DIRECTOR: Guy Ritchieman_from_uncle_ver2

CAST: Henry Cavill, Armie Hammer, Alicia Vikander, Elizabeth Debicki, Jared Harris, Hugh Grant, Luca Calvani, Simona Caparrini

RUNNING TIME: 116 mins


BASICALLY…: American and Russian agents Napoleon Solo (Cavill) and Illya Kuryakin (Hammer) must work together to stop a criminal organisation from proliferating nuclear weapons…



It’s been in development for years, with names like George Clooney and Tom Cruise thrown about at various points, but The Man From U.N.C.L.E, based on the Cold War-era TV show of the same name, is finally among us.

Is it worth the wait? That depends on your taste for 60s-era spy flicks and their slick, suave nature – not just the Connery Bond films, but also Our Man Flint or The Spy Who Came In From The Cold among others. If you’re craving a return to that old-fashioned style, complete with dazzling dresses and charming men in suits that would make Don Draper jealous, then this should certainly satisfy your tastes; and even if you’re not into them, it’s still a mild but entertaining ride.

Guy Ritchie directs, from a script co-written by him and producer Lionel Wigram, the tale of American CIA agent Napoleon Solo (Henry Cavill) and KGB operative Illya Kuryakin (Armie Hammer) being paired up on a mission, alongside Alicia Vikander’s daughter of a missing German scientist Gaby Teller, to stop a rogue criminal organisation, led by Elizabeth Debicki’s mastermind Victoria Vinciguerra, from making their own line of nuclear weapons. That’s pretty much it in terms of actual story; it’s very standard for a spy movie, and though there are a few twists and turns along the way it may shock some people that, in a time where more spy movies like Mission: Impossible – Rogue Nation and SPECTRE are making more effort to make their plots more complex, The Man From U.N.C.L.E is very simplistic with its own. You’re basically watching a spy movie right out of the 1960s – and given the movie’s overall feel, it feels completely intentional.

It was a wise move on Ritchie’s part to keep the show’s Cold War setting for the film, instead of revamping it for modern political agendas which would have been a very misguided choice, especially nowadays (would YOU want to see an American secret service agent teaming up with al-Qaeda or a North Korean spy on a light-hearted romp across the globe? Yeah, we didn’t think so). It not only creates more of a dynamic between the opposing sides of international relations at the time, and since Cavill and Hammer have strong chemistry with each other you can consider that something of a success, but it also lends itself many opportunities to do everything in such wondrous style. Everything from the costume design to the cinematography to Daniel Pemberton’s playful musical score has its foot firmly stuck in this time period, and they are as glamorous as they are dangerously attractive. The one thing we’d say against it is that Ritchie doesn’t entirely take advantage of this style; if you’re going to replicate a 60s spy movie, then go all the way by mocking up the footage to look like a 60s projector reel or something, but that’s mere nit-picking.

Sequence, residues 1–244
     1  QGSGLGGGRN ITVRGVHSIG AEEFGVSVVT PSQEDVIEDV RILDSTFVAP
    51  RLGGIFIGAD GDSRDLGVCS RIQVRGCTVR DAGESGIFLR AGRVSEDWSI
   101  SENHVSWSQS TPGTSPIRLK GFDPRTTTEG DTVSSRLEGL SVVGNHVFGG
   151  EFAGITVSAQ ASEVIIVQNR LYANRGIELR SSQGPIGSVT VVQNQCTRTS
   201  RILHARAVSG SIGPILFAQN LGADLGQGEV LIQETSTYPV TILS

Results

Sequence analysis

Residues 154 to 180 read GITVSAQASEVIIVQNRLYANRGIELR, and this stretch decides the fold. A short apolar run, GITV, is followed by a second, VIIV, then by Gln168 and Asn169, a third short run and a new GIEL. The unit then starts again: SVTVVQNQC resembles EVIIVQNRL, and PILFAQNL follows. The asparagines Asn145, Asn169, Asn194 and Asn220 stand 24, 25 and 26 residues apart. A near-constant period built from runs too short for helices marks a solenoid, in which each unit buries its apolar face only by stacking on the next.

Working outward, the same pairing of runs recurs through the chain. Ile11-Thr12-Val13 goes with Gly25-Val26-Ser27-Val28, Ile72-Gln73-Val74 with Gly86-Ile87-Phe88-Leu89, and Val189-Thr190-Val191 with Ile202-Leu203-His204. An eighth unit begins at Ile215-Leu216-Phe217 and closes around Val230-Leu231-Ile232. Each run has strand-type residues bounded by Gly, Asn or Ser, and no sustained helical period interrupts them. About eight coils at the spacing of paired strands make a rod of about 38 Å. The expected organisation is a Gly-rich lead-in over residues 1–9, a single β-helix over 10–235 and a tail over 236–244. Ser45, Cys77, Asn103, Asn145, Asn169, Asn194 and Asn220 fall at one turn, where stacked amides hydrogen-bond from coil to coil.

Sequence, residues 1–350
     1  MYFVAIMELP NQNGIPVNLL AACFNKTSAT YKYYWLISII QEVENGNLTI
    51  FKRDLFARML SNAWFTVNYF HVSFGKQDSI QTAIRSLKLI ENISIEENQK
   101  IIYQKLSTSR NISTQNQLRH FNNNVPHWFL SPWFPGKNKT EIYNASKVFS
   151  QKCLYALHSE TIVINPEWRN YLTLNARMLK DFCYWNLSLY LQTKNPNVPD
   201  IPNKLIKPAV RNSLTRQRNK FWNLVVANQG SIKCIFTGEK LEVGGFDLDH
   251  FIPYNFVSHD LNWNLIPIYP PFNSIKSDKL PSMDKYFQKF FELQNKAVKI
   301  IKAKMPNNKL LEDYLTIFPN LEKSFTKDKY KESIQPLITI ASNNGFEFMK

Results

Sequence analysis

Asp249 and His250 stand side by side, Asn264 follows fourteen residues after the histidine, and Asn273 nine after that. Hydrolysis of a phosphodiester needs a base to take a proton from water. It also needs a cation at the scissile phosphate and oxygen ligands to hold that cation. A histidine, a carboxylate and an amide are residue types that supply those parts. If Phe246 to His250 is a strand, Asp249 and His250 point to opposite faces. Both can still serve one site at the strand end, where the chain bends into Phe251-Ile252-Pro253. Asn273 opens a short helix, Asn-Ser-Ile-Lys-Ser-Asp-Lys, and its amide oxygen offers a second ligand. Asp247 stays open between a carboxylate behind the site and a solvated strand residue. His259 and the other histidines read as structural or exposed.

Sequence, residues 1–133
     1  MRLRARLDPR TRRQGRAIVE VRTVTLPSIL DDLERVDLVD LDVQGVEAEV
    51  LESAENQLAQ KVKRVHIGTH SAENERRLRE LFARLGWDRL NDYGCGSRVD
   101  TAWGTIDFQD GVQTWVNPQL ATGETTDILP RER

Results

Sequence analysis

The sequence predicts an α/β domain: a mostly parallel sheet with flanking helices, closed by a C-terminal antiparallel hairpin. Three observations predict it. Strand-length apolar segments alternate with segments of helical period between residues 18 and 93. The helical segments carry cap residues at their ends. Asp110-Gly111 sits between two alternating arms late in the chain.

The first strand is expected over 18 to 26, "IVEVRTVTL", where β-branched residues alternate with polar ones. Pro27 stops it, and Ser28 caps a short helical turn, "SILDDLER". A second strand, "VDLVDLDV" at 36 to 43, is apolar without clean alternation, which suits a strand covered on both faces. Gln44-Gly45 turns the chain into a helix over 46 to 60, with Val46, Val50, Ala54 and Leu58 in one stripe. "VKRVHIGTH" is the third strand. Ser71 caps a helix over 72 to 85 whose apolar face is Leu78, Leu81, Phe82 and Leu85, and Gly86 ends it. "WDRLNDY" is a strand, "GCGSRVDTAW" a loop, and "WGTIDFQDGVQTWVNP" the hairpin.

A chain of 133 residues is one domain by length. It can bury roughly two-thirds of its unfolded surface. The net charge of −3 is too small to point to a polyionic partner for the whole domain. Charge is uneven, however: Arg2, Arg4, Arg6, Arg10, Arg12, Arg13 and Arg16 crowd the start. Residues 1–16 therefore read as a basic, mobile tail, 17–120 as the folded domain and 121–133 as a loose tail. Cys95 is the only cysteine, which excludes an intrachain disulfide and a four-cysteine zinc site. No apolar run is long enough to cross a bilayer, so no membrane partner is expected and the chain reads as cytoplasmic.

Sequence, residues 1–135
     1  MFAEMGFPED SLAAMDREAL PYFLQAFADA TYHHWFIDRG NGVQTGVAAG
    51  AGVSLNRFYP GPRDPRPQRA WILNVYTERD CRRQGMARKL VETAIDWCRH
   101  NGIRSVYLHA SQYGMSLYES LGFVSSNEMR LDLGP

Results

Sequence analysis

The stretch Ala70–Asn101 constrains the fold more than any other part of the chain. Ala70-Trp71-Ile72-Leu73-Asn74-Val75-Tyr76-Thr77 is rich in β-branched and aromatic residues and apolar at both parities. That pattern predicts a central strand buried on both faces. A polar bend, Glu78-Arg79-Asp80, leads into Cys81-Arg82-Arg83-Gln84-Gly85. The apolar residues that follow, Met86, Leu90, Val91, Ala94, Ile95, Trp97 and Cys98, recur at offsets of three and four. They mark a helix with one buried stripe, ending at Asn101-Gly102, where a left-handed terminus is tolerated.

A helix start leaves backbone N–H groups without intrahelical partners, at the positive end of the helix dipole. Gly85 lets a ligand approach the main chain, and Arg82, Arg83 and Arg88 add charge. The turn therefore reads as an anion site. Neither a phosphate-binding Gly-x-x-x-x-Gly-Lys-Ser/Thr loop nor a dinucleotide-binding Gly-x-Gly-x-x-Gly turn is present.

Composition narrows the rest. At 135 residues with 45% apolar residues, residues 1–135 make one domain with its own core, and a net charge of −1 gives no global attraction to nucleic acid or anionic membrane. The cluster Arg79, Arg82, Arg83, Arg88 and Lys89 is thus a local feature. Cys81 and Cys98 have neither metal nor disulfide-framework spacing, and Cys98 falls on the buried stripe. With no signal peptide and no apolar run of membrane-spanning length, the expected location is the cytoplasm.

Like his previous two dabbles into Sherlock Holmes, Ritchie is also able to blend action and zany humour into a high-concept movie, and succeeds enough so that the audience is left relatively satisfied. A boat chase sequence is suddenly pushed into the background when a character decides to relax in a vehicle with Italian music playing on the radio and indulging himself in a food basket right beside him, just as boats crash into each other and explode elsewhere in the shot; another is reminiscent of The Green Mile, but it’s so darkly funny that to say anything more would be to ruin the surprise. Nonetheless, they are fun action sequences and certainly keep your attention thanks to the charismatic turns by its cast – Cavill in particular is entertaining to watch with his cool and collected mannerisms, like if Archer actually had a designated time period – and sense of un-cynical fun.

Like we said, the plot is very basic and uncomplicated to a fault, and it’s unlikely that this will be considered a bench-mark in spy movies because, quite honestly, we felt that Mission: Impossible – Rogue Nation and Kingsman: The Secret Service were better than this film – but The Man From U.N.C.L.E is a perfectly fine and entertaining piece of escapism that does its job competently and with an old-fashioned sense of style. Thank God that Ritchie kept this era in tact; God knows what it would be like if they DID modernise it…


The Man From U.N.C.L.E is hardly ground-breaking spy material, but its rooting in 60s-era styles and attitudes, as well as charismatic performances from its cast and entertaining action scenes by director Guy Ritchie, make it a worthwhile and harmless slice of cinematic fun.